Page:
Possible Causes Of Diarrhea

Written by Liliana Tosic, RHN, RNCP – Nutrition Science Practitioner
Last updated May 19, 2021

Diarrhea can have many underlying causes, such as:

  • Bacterial infection from food poisoning, such as travelers’ diarrhea.
  • Deficiencies of disaccharidase enzymes.
  • Irritation of the colon.
  • Chronic stress and anxiety.

To name a few.

Acute diarrhea, especially in infants and the elderly, can cause dangerous dehydration and salt loss.

Consequently, diarrhea lasting more than a few days should not be ignored. Electrolytes need to be rebalanced, and the root issue found. 

Moreover, alternating constipation and diarrhea could be symptoms of a more serious medical problem, requiring immediate medical attention. More serious causes of diarrhea need to be ruled out first.

Furthermore, diarrhea could also signify that the small intestine lacks the enzymes to break down disaccharide sugars (e.g., lactose, sucrose, maltose, isomaltose). Without enough of these enzymes, undigested and unabsorbed sugars can remain in the gut and osmotically attract large volumes of water, making the stools more liquid. Lactose intolerance is the most common enzyme deficiency of this type.

On a worldwide basis (differing from culture to culture), most adults lack the enzyme lactase needed to break down and absorb lactose, the sugar found in all milk products (except ghee and high-fat cheeses).

For them, total avoidance of dairy such as milk, cream, ice cream, yogurt, cottage cheese, etc., is the only way to ensure relief from diarrhea and other gastro-intestinal disturbances caused by their lactose intolerance.

Stools that are loose and frothy (as opposed to watery) often indicate some form of intestinal malabsorption. These types of stools might contain fats, shreds of mucus, or bits of recognizable, undigested foods.

Whenever absorption is poor, fats tend to pass through the gut, making the stools looser. Mucus is the body’s way of protecting delicate tissues from harm. Its presence in the stools indicates inflammation in the small or large intestine, or both.

Malabsorption occurs in conditions such as lactose intolerance, celiac disease, gluten intolerances, leaky gut syndrome, colitis, and IBS.  All of which involve food allergies or intolerances of one kind or another.

If food sensitivities cause diarrhea, it will be more chronic. Food sensitivities are more common in chronic anxiety sufferers since the digestive system works best in the "rest and digest" environment when the parasympathetic nervous system is engaged.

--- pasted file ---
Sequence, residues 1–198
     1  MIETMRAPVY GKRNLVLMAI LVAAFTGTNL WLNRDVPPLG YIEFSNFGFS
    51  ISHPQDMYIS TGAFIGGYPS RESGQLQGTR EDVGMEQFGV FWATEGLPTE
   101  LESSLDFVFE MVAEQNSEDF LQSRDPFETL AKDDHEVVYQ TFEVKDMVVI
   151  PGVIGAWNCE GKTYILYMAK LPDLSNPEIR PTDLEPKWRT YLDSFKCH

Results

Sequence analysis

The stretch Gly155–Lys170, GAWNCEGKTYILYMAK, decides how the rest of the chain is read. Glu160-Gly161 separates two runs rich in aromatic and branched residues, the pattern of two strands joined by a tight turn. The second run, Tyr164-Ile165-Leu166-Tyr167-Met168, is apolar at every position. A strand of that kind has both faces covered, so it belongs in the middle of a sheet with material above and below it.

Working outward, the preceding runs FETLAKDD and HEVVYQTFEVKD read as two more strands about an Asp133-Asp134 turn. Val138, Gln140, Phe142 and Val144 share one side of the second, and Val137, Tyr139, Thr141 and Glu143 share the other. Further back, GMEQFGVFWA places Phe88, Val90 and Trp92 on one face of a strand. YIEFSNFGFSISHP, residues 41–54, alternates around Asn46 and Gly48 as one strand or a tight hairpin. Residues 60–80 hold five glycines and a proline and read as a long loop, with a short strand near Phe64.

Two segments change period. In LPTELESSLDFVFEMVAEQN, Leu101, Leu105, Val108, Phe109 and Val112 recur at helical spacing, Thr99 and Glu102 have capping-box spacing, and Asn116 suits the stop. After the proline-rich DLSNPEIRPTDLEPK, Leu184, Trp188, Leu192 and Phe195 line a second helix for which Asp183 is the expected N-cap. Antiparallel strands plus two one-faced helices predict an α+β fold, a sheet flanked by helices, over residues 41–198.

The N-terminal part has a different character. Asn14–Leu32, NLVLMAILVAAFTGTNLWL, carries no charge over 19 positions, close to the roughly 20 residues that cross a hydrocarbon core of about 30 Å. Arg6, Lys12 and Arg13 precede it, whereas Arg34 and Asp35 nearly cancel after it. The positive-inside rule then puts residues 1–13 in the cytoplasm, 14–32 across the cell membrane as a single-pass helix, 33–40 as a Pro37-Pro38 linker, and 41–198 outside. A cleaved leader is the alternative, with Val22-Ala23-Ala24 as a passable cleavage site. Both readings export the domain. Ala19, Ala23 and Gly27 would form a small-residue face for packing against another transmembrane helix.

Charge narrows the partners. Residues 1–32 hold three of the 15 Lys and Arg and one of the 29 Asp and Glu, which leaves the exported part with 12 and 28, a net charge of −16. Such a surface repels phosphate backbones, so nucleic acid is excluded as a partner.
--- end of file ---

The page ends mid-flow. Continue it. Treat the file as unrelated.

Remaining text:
During stress, the "fight or flight" system – the sympathetic nervous system – is switched "on," compromising digestion, absorption, and elimination. The only measure that can bring lasting relief aside from lowering our overall stress is to track down and eliminate the offending foods.

Additionally, the sensitive body responds to certain types of common foods as if they were poisons. Even a little bit of poison is still poison.

Diarrhea can also deplete beneficial intestinal flora, which can be replenished by a probiotic, such as Lactobacillus Acidophilus. However, probiotics will not work for everyone. Some bacteria in probiotics can make matters worse for some people.

Moreover, histamine intolerance could also be the underlying cause of diarrhea since everyone is somewhat biochemically unique. In this case, specialized probiotics are required that don’t cause the release of more histamine, resulting in more symptoms.

People with histamine intolerance usually exhibit symptoms that overlap with IBS (Irritable Bowel Syndrome), such as diarrhea, constipation, abdominal pain, and burping.

Common histamine intolerance symptoms include diarrhea, constipation, abdominal pain, burping, headaches, nasal congestion, itchy skin/eyes, hives, coughing, etc.

Someone who is histamine intolerant could have all these symptoms or just a few depending on the intolerance severity.

I work with people who suffer from chronic digestive issues. Everyone has different root reasons for their digestive distress symptoms.

Although stress and anxiety often trigger and aggravate digestive issues, the organic cause of the irritation and distress needs to be identified and addressed so that the process of anxiety disorder recovery can continue. 

I’d be happy to help you discover and address your specific reasons if you are having a difficult time with stomach and digestive symptoms, such as the anxiety symptom diarrhea.

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The combination of good self-help information and working with an experienced anxiety disorder therapist, coach, or counselor is the most effective way to address anxiety and its many symptoms. Until the core causes of anxiety are addressed – which we call the underlying factors of anxiety – a struggle with anxiety unwellness can return again and again. Dealing with the underlying factors of anxiety is the best way to address problematic anxiety.

Additional Resources

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